After rising through the ranks of the South African police force, Rory ended up chief of security and personal bodyguard of Nelson Mandela. What Rory learnt from the man, once seen as a terrorist by South African authorities, changed his life forever.
“I was a cop for 18 years and in those days, we were trained in the ideology that the freedom liberation movements were considered the enemy. The problem with police is that they are the ones that enforce the laws and if the laws are unjust ones, such as those that were on the statute books under apartheid, then those are the ones that you enforced, so we considered them to be terrorists.”
How did a policeman who believed Nelson Mandela is a terrorist, end up leading Nelson Mandela’s personal security?
“It really only happened in 1994 when Mandela became President. Four years earlier when then-President F W De Klerk released Mandela from prison and removed the bans on the ANC and a bunch of other political organisations, I didn’t believe any of the stuff he was espousing when he came out of prison saying things like, ‘South Africa is for all her people both black and white …’, I’m going, ‘Yeah, yeah, of course you’re going to say that, that’s the party line’. I didn’t believe it for one second, I thought all that reconciliatory talk was just a facade.”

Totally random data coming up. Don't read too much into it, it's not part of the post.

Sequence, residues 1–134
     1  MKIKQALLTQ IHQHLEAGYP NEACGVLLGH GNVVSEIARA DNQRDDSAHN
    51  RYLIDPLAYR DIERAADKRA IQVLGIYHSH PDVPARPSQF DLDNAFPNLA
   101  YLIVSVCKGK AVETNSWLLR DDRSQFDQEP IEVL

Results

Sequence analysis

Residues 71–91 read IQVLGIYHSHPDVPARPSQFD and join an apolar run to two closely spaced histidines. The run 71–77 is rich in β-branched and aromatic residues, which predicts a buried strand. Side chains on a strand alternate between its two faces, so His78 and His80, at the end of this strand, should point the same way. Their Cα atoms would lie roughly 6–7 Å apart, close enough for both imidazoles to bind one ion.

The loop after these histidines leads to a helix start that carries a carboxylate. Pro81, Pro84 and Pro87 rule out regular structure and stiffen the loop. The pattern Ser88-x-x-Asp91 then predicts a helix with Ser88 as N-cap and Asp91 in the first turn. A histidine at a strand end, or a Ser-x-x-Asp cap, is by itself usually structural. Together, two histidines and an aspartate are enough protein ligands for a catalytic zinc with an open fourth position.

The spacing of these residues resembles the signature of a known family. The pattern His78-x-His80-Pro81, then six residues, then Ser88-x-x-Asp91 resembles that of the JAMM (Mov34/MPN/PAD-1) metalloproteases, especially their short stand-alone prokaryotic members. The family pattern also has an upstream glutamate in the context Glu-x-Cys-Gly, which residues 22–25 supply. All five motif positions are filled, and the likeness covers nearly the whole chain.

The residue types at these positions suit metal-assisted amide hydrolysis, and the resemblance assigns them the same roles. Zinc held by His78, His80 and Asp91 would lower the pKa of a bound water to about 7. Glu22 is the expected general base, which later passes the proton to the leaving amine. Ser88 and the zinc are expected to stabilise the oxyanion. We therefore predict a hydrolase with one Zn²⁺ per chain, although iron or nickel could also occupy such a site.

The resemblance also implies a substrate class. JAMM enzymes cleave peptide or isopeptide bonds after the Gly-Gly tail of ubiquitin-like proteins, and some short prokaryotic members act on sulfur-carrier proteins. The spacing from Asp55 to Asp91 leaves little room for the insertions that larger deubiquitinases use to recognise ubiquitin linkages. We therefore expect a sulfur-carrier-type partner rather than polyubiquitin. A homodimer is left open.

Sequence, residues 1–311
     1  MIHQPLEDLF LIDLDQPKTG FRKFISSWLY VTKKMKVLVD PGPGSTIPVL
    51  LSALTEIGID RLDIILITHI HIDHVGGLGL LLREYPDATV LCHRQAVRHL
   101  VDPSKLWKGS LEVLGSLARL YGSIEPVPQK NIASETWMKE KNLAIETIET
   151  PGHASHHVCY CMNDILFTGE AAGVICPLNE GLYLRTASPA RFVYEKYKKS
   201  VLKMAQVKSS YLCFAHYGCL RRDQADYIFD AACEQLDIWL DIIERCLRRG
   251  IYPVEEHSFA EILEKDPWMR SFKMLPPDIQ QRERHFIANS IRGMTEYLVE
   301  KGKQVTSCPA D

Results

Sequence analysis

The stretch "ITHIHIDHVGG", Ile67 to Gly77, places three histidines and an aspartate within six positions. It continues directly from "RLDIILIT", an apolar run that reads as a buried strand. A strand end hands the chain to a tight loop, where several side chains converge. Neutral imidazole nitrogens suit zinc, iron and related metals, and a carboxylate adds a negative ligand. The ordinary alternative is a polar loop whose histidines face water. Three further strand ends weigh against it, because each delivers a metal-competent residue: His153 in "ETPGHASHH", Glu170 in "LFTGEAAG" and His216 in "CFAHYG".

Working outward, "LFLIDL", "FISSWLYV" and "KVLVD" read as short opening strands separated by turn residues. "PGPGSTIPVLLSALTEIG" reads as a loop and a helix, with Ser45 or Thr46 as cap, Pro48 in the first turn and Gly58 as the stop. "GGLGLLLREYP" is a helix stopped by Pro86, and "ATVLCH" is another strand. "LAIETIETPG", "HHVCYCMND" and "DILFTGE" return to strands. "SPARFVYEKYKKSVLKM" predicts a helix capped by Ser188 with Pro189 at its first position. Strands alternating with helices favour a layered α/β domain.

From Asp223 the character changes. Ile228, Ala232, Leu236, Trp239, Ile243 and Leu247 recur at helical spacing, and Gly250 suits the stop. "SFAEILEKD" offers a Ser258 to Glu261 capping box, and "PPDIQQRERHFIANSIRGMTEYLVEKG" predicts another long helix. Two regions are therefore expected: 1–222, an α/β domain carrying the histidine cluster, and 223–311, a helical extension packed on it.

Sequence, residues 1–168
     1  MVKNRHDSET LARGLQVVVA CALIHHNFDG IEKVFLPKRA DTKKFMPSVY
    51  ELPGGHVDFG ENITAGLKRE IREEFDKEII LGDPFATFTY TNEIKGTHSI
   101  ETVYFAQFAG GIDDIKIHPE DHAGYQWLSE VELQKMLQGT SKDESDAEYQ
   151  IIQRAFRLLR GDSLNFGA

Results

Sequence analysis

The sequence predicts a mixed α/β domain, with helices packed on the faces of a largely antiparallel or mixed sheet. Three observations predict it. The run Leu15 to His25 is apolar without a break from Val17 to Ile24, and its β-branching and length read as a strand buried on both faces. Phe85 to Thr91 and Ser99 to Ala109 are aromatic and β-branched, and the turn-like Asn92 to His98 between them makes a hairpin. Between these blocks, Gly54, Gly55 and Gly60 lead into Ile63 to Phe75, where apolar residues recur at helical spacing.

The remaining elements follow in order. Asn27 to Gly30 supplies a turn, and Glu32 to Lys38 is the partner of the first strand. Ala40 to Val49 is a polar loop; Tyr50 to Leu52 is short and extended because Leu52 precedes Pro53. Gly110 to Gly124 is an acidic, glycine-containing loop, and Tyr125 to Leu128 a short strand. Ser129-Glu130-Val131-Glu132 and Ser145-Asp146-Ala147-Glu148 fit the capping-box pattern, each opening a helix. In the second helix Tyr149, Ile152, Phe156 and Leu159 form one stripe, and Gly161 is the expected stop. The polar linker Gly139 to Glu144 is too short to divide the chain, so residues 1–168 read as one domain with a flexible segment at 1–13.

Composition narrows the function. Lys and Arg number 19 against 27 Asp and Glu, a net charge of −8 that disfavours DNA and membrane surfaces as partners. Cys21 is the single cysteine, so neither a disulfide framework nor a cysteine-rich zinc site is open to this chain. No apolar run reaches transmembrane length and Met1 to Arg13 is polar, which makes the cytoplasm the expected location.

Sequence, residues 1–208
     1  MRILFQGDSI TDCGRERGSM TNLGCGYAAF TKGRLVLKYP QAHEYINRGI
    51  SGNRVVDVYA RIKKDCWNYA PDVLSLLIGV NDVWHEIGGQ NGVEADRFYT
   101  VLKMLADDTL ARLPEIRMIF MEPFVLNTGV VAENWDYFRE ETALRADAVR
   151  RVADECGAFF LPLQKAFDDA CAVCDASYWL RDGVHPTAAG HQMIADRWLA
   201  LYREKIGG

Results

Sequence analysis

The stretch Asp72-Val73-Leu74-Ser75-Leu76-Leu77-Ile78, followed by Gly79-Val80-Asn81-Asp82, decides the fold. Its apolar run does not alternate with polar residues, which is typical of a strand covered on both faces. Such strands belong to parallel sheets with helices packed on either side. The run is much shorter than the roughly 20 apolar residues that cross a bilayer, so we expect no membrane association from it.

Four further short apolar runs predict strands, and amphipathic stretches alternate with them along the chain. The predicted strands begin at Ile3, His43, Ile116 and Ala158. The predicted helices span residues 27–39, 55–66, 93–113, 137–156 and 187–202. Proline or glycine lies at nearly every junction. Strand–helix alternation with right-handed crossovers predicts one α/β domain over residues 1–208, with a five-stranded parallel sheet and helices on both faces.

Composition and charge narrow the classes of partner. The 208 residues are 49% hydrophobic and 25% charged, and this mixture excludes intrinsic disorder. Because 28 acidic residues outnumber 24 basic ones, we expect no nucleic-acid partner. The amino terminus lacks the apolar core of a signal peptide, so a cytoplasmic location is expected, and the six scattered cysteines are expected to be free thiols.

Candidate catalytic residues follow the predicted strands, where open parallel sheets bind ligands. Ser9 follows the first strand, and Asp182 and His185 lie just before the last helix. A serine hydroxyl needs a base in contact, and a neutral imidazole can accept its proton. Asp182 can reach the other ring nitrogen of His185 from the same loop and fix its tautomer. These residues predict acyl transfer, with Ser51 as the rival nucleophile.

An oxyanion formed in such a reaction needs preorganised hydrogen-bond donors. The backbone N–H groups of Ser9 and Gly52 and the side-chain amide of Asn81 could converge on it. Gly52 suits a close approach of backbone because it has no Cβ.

“I just considered it to be untrue, a politician being a politician, saying things that are expedient at the time.”
“It was only when I began to engage with the President and watch him, bearing in mind I was very privileged to be in the position that I was, it only took a matter of months for me to see that it wasn’t a facade, that he was genuinely committed to reconciling black and white South Africans and to build a nation.”
“That was his main agenda – nation building – and of course he’d had 27 years in prison to sit and contemplate what he was going to do.”
“He came out with a very precise, very well thought out agenda of stretching out the hand of reconciliation and not doing what anybody else, me included, would have done and get your own back on those who imprisoned you.”
In 2001, Rory Steyn released his memoir, One Step Behind Mandela.